That said, I'm pretty sure I'll be willing to fall down enough times to eventually get the hang of boarding. I think perhaps what I should have said was 'cruising'. I don't plan to ride down black diamond runs or anything, I just want to cruise down the hill with my friends and have a little fun.

I know that people will generally suggest that I buy something more modern, but I'm most interested in knowing *why* this particular board is too old to be a decent choice to learn/cruise on.

I was told that this board does NOT have a wood core--it's a Rossignol that's about 12 years old. That's all I know about it.

Thanks for the previous (and any subsequent) feedback.

TLN 12-09-2010 10:47 AM

That's closer to the true =)

You will get a lot of fun, if you freinds doesn't ride fast. Be ready to fall all the time for 2-3 days.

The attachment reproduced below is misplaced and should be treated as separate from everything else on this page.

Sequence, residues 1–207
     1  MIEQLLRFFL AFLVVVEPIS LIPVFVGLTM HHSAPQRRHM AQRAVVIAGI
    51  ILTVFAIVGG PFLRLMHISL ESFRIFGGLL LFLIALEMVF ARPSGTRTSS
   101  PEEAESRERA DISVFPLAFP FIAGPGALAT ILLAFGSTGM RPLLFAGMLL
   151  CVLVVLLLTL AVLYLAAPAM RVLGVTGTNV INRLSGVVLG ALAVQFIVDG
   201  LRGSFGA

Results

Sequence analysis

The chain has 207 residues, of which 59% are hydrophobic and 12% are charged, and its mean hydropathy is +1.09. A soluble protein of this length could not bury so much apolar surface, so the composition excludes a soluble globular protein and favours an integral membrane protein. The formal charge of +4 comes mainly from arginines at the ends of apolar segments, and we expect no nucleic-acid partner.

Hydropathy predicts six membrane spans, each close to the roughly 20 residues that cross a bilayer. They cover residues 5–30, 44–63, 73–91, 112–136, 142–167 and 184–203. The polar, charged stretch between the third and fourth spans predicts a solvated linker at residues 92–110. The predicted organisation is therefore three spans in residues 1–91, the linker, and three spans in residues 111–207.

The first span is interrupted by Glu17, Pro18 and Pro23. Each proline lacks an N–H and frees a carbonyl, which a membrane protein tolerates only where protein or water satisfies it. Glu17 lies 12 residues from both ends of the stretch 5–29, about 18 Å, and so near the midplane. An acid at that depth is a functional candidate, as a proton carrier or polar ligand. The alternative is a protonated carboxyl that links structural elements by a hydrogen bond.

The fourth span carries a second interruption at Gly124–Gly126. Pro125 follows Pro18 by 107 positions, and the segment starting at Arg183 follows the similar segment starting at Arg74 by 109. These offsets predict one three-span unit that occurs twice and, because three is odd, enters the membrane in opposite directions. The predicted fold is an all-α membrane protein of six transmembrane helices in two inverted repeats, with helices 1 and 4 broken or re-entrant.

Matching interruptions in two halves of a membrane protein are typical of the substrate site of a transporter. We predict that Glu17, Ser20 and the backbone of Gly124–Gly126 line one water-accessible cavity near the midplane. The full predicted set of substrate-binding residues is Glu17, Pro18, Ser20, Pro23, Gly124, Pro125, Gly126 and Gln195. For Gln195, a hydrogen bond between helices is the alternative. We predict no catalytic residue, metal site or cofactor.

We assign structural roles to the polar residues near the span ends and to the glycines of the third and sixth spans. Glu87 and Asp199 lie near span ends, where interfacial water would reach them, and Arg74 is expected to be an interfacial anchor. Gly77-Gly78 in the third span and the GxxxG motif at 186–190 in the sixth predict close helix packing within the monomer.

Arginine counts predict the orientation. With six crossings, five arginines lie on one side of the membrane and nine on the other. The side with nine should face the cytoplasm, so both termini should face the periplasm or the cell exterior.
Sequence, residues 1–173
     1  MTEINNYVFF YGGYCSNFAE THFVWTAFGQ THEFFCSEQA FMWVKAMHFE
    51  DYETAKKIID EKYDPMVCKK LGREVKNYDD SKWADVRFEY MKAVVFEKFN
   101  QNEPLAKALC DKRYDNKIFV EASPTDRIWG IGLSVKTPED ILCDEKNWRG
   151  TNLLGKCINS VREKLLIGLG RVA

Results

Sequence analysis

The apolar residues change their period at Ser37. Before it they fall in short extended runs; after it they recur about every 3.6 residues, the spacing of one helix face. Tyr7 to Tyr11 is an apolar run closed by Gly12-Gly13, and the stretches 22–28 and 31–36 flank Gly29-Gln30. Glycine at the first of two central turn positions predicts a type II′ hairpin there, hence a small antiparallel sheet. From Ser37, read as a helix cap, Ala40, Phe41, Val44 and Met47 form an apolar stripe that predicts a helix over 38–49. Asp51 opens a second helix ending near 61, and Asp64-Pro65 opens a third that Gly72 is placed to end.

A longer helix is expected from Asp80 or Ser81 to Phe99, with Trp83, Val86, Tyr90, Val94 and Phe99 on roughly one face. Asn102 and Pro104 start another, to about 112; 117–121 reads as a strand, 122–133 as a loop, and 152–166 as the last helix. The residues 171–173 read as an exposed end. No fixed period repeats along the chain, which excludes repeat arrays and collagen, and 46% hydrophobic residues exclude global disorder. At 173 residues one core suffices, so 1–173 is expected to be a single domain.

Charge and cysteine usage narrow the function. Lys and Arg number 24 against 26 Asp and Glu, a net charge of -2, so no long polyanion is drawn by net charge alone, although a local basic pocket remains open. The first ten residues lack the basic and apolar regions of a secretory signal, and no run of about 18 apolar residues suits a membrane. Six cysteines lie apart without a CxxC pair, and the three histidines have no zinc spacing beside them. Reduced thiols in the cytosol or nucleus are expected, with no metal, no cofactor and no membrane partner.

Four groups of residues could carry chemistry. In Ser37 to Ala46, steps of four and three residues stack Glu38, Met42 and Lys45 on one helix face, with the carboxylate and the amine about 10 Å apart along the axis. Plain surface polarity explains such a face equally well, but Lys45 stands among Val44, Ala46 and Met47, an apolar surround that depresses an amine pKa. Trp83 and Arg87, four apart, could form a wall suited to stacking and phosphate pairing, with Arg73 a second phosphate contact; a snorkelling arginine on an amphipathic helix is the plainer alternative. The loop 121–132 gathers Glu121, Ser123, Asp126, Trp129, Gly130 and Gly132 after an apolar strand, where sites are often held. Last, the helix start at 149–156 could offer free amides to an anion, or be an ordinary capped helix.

I think it doesn't matter if it got a wood core or not. You won't feel the difference.

Cons of this setup(IMO):
1. Boots. Modern boots offer more comfort, and that's the main thing. You contact the board with your feet. Also this may not give enought hold.
2. Binders. All the same. All about hold and response.
3. Board edges. They must be sharp enough, eve for the newbie.
4. Board response. Hard to explain, but modern board are more predictable.

JoeR 12-09-2010 11:05 AM

Quote:

Originally Posted by VESPADADDY (Post 339745)
Does this board setup look adequate for a beginning boarder? I was able to put this setup together for free, as one friend gave me the boots and bindings (Burton Mission bindings and Moto Boots), and another buddy gave me this Rossignol board.

Will you be able to mount the bindings on the board? Burton bindings (non-EST) use a three-hole insert pattern. Your Rossi board has a four-hole pattern. Did the bindings come with an alternative, four-hole adapter disc?

VESPADADDY 12-09-2010 11:25 AM

I've got the Burton UniDisc, and yup, they'll fit.

JoeR 12-09-2010 12:23 PM

Then I say, go for it. Just ride it. This is not the sort of setup I would choose for myself, or recommend to a beginner, but heck -- it's totally free. Try it out for a while and take some lessons. Once you make a bit of progress you can decide about purchasing a better, more up-to-date board and fresher boots.